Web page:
In this concluding session of last week’s interview, Chief Olabode George, a former Deputy National Chairman of the Peoples Democratic Party (PDP), speaks on the crisis rocking the South-West chapter of the party ahead of its zonal congress. The Atona Oodua of Yorubaland also went down memory lane on how the party defeated the defunct Alliance for Democracy (AD) in the 2003 governorship elections.
The leaders of the defunct AD claimed that you used your position as national vice-chairman (South-West) of the PDP to capture five states in the region with the help of former President Olusegun Obasanjo in the 2003 general elections. How will you respond to that?
That is a joke. Let people be honest and straightforward to tell the truth, so that in future, students of politics in a Political Science class will be able to do a thorough analysis. What do they mean by capture? The people of the South-West willingly voted for the PDP. I remembered an incident in Ondo when some AD Commissioners came together and told their people they should go and create trouble after the late Olusegun Agagu, who was then the PDP governorship candidate had defeated the then incumbent, the late Adebayo Adefarati. Their own party people, AD members turned on those Commissioners and almost beat them up. They said AD lost the election and they should accept that they lost.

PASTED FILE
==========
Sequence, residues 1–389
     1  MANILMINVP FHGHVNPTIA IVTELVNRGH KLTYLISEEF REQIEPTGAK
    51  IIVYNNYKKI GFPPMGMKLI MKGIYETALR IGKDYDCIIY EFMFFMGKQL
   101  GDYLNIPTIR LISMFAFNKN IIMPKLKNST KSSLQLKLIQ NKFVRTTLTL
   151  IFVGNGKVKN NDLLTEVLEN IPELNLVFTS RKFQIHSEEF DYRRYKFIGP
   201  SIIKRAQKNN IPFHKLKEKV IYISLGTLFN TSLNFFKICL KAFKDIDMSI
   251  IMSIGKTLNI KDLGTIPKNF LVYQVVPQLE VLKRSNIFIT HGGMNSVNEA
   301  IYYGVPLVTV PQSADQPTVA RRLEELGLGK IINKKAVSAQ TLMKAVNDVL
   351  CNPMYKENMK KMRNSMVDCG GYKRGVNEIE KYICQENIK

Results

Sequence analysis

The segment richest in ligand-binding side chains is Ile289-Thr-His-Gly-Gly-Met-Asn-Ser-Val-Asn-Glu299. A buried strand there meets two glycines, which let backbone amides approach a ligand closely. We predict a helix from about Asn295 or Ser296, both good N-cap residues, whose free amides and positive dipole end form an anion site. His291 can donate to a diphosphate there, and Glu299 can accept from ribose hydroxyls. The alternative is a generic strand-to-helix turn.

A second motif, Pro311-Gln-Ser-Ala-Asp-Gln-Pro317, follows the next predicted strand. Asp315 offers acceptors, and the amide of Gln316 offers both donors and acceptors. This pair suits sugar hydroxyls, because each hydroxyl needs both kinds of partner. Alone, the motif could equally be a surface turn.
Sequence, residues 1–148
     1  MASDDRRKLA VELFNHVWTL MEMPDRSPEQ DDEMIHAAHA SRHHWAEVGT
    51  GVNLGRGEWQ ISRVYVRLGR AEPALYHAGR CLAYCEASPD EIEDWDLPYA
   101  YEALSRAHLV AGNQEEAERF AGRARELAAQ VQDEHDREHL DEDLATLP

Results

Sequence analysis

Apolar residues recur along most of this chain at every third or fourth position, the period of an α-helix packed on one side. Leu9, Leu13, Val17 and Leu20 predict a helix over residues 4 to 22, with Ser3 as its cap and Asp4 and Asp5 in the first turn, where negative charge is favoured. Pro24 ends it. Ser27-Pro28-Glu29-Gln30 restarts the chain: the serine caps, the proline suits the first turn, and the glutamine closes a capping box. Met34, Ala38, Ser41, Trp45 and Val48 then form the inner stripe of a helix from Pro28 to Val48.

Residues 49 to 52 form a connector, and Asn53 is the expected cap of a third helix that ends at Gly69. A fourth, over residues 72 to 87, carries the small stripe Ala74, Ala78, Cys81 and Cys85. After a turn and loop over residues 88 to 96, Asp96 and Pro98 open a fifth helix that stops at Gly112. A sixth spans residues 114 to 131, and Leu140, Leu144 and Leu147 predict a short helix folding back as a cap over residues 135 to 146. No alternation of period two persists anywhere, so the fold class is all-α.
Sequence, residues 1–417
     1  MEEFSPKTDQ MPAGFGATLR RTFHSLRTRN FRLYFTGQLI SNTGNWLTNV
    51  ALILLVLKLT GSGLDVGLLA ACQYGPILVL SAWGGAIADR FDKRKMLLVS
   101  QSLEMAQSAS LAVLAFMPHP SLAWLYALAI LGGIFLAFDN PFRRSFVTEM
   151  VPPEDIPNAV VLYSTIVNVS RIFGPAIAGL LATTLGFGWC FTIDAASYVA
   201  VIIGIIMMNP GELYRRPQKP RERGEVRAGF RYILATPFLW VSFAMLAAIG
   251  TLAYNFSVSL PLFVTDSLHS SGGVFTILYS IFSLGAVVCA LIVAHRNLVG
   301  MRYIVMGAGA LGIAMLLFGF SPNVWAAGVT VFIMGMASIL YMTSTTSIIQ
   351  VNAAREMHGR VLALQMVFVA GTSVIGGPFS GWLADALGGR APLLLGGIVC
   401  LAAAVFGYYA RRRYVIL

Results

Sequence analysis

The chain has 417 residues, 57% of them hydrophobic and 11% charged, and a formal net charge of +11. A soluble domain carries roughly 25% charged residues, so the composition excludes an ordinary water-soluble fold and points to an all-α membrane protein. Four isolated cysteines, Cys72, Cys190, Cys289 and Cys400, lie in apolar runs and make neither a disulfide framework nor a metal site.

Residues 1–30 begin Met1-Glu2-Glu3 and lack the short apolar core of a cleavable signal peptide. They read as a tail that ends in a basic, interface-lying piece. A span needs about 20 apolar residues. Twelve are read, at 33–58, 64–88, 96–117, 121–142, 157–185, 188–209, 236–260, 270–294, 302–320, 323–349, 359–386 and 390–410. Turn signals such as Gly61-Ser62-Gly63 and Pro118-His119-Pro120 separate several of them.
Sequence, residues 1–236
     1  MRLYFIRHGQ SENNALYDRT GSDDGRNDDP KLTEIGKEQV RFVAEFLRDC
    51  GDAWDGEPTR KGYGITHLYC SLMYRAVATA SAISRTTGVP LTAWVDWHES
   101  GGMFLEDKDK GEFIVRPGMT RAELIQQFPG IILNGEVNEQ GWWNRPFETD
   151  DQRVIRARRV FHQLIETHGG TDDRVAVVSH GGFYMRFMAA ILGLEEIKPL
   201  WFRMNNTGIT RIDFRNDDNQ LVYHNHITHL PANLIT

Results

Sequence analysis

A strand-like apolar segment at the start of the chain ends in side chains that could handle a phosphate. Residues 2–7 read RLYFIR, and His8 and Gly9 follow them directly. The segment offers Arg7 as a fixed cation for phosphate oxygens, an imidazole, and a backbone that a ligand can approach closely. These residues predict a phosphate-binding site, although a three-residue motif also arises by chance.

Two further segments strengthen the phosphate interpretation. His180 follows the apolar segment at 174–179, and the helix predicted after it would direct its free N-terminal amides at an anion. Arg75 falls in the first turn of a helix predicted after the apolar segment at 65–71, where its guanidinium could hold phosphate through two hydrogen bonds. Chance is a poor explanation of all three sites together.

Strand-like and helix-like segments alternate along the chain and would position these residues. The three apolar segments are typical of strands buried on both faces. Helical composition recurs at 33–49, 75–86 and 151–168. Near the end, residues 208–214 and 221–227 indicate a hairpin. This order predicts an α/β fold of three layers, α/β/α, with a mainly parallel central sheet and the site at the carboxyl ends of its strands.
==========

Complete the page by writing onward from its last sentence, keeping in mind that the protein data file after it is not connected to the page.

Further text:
Even the governorship of election of Lagos state in 2003 was won by the PDP but that will be a story for another day because somebody within our party said it openly here that it was he who made it possible that the AD candidate then was returned for a second term, thinking that he was a human being who will support him later on but he turned against him. Truth is very important in politics. If you listened to US President, Joe Biden on Thursday, he said one thing I will promise you Americans is that I will always tell you the truth. He said even if it’s a bad news, he won’t cover it up. If you want to manage people, you don’t lie to them. If you lie to them and they discover, they will lose hope. Once they lose hope, that is the end of your democracy. How can AD leaders say we capture South-West? They were beaten blue, black and red because right from January 2000, I call my people ‘The 12 Disciples’; the zonal working committee. We went out campaigning.